Or whatever, but I want to BE IN HER HEAD when she peers through the camera and starts the photography process. It’s far more involved than today’s selfies. Also, I love the bit about Bertha’s blue eyes, and I think not only Elizabeth would note that as you did, but that she’d regret the color WOULD NOT BE APPARENT IN THE PHOTO. Maybe she’d even feel that the drabber grays are more accurate and fitting?

The layer of grime, the thin fabrics, the dull eyes… and that hope had left are lovely and just need a bit more emotional undertones. You’re cataloguing here but we’re not feeling HER feel it. It needs to feel more personal and deep third POV is your friend at times like this.

Elizabeth turned toward her assistant, Mr. Appleton. “Please watch over the equipment.”

He shot her a resentful look and without a word moved to stand by the camera. Mr. Lester, the editor of The Illustrated Telegraph had assigned the surly Mr. Appleton to assist her. He’d protested at the assignment and didn’t hide his displeasure at having to take orders from a woman. Well, the editor hadn’t been pleased at having to assign her something besides her weekly gossip column.

This is telling. Your remote from her. I love the details and I get what’s going on, but I’m not emotionally invested in her and I want to be, because I love this set up.

Don’t tell me /he shot her a resentful look/ SHOW me his resentful look, SHOW me and let me feel her body’s reaction. You’re summarizing what we should be experiencing. Is this just Ol’ Nasty Appleton as usual, or has he been getting progressively nasty to everyone, or just her? IF he’s been always nasty, then when she turns to him with the request to watch over the equipment, she’s going to FIRST have some internal reaction because she knows he’s going to go all pissy. Put. Me. In. Her. High-button. Shoes.

“Hold still, please.” Feeling satisfied, she pulled on the dark slide of the plate holder, removed the lens cap and counted, then replaced the cap.

“I have to go back in the tent to develop the plate before it dries out.” She nodded at Bertha and hurried into the tent.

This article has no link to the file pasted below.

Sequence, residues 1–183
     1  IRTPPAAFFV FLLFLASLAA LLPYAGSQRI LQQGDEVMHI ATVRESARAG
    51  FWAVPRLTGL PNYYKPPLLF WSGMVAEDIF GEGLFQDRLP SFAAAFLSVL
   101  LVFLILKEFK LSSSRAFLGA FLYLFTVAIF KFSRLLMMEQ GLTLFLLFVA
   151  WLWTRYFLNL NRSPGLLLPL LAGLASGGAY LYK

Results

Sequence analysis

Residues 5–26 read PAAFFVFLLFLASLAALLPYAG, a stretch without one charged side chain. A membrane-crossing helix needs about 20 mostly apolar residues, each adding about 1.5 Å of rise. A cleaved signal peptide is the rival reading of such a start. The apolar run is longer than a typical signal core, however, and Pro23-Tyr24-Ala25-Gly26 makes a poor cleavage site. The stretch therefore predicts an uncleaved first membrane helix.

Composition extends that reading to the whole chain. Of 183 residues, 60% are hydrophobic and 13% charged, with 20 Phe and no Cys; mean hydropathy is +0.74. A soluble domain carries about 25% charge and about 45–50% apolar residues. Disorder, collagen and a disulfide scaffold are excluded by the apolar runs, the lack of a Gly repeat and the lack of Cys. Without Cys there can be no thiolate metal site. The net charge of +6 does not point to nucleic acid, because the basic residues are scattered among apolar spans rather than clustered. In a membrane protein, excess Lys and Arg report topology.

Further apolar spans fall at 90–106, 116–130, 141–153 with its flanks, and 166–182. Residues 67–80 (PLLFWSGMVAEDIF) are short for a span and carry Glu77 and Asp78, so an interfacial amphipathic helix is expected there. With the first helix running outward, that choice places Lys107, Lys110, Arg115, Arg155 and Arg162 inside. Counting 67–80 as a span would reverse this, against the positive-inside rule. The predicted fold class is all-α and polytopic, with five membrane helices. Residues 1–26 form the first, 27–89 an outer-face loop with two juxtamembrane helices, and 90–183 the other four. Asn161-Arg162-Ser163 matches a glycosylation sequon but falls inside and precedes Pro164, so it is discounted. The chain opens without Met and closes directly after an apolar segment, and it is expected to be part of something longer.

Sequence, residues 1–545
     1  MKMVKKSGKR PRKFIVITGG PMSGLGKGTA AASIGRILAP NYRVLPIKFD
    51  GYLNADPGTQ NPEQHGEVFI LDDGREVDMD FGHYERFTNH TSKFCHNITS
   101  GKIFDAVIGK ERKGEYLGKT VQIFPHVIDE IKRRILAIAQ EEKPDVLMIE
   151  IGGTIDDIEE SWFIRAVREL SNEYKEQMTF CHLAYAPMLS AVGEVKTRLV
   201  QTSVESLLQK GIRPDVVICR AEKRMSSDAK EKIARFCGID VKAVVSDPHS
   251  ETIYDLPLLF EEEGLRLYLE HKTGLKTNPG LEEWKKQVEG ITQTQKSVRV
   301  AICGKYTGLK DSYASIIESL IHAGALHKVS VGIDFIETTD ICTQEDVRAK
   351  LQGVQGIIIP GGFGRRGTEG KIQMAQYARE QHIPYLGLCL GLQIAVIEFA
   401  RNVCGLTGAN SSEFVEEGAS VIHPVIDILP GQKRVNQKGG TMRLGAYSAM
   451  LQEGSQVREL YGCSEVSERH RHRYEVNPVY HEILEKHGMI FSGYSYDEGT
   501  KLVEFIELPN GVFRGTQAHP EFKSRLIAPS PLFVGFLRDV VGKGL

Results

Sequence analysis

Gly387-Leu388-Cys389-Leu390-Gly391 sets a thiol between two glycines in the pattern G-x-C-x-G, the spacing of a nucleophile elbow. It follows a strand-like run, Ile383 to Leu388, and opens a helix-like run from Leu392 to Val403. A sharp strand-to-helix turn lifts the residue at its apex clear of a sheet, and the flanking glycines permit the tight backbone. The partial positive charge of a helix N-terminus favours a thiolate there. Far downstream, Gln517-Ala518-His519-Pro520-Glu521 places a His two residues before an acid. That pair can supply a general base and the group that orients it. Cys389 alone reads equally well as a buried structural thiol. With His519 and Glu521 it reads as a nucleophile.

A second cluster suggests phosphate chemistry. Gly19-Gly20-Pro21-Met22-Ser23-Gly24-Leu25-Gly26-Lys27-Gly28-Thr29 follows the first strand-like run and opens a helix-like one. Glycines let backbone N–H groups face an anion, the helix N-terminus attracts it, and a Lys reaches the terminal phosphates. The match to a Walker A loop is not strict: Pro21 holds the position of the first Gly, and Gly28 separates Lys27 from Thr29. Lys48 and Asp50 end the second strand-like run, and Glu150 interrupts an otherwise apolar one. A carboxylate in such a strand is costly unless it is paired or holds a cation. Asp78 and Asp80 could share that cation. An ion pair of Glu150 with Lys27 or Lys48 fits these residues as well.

She emerged minutes later and held the plate up to the sky. She smiled at Bertha and the children. “It turned out well. Come look.”

I love that we now get to know what it’s like to work that contraption called a camera, that there’s a lens cap, a plate holder. We need some of this earlier.

BUT then she takes the image plate, goes into the tent… and WE LOSE OUR SOLE FOCAL CHARACTER. She goes off-stage whilst we twiddle thumbs.

/She emerged minutes later/ is NOT in her POV or through her eyes. Her eyeballs have been with her in her head the whole time in the tent. So… she goes into the tent and …. is plunged into darkness? Or is there a low light of some kind? Is there a rhinoceros inside? 🙂 You can summarize some of this, but I want to BE this plucky ahead-0f-her-time photographer in ACTION. Is it dark and dusty inside, or smelly (what smell?). I’m old enough to have developed my own film (yes, film) and the photo lab back then (mid-19702) had a distinct smell (rotten eggs) and the red lightbulb and it was SO COOL to watch the image form on the photo paper in the solvent tray….

This whole process HAS to hold a fascination for her. I’m not saying give us lessons in how-to. But let us IN to her experience. And that’s really what I’d say for the rest of the selection. I really like it. I like the concept and her and the issues I can feel on the edges. But you’re playing it safe and distant, my dear. I need you to open your veins and bleed on the keyboard. I want to hear and see and smell this dirty part of London. I want to hear and see and smell Elizabeth’s existence. She’s cutting edge. She’s a ground-breaker. She’s going to take on a rich dude in what I suspect is enemies-t0-lovers trope (love it) and I want her to be gutsy (within respectful boundaries, yes!) and WORTHY.

My brain wants to crave what she craves. You can do it. It’s an awesome set-up.

//Interstellar Adventure Infused with Romance//